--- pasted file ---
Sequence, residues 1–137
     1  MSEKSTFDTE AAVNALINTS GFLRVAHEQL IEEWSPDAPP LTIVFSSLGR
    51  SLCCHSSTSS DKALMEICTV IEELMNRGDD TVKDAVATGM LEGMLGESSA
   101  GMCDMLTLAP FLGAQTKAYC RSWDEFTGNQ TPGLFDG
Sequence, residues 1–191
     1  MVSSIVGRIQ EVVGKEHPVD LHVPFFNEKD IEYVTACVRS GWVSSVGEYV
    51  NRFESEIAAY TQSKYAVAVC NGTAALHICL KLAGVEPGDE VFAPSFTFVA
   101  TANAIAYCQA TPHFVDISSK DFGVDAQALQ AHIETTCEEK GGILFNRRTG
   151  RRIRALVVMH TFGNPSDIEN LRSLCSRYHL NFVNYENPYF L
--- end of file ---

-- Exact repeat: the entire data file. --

Sequence, residues 1–137
     1  MSEKSTFDTE AAVNALINTS GFLRVAHEQL IEEWSPDAPP LTIVFSSLGR
    51  SLCCHSSTSS DKALMEICTV IEELMNRGDD TVKDAVATGM LEGMLGESSA
   101  GMCDMLTLAP FLGAQTKAYC RSWDEFTGNQ TPGLFDG
Sequence, residues 1–191
     1  MVSSIVGRIQ EVVGKEHPVD LHVPFFNEKD IEYVTACVRS GWVSSVGEYV
    51  NRFESEIAAY TQSKYAVAVC NGTAALHICL KLAGVEPGDE VFAPSFTFVA
   101  TANAIAYCQA TPHFVDISSK DFGVDAQALQ AHIETTCEEK GGILFNRRTG
   151  RRIRALVVMH TFGNPSDIEN LRSLCSRYHL NFVNYENPYF L